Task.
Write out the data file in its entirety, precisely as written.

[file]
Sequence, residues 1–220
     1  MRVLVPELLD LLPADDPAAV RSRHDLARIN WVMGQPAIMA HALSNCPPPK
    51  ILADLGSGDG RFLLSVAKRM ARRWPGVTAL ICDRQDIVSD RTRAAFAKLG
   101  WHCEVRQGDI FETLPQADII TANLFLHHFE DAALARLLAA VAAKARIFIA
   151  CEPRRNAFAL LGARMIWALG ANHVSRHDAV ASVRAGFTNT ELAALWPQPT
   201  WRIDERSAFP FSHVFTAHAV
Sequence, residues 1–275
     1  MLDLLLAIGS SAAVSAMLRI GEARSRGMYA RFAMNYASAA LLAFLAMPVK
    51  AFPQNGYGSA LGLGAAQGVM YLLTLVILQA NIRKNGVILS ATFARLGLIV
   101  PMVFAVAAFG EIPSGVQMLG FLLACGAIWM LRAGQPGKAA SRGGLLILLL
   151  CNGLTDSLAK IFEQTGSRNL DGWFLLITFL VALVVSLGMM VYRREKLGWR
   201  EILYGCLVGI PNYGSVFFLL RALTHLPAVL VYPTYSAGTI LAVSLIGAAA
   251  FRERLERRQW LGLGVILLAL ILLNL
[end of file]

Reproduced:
Sequence, residues 1–220
     1  MRVLVPELLD LLPADDPAAV RSRHDLARIN WVMGQPAIMA HALSNCPPPK
    51  ILADLGSGDG RFLLSVAKRM ARRWPGVTAL ICDRQDIVSD RTRAAFAKLG
   101  WHCEVRQGDI FETLPQADII TANLFLHHFE DAALARLLAA VAAKARIFIA
   151  CEPRRNAFAL LGARMIWALG ANHVSRHDAV ASVRAGFTNT ELAALWPQPT
   201  WRIDERSAFP FSHVFTAHAV
Sequence, residues 1–275
     1  MLDLLLAIGS SAAVSAMLRI GEARSRGMYA RFAMNYASAA LLAFLAMPVK
    51  AFPQNGYGSA LGLGAAQGVM YLLTLVILQA NIRKNGVILS ATFARLGLIV
   101  PMVFAVAAFG EIPSGVQMLG FLLACGAIWM LRAGQPGKAA SRGGLLILLL
   151  CNGLTDSLAK IFEQTGSRNL DGWFLLITFL VALVVSLGMM VYRREKLGWR
   201  EILYGCLVGI PNYGSVFFLL RALTHLPAVL VYPTYSAGTI LAVSLIGAAA
   251  FRERLERRQW LGLGVILLAL ILLNL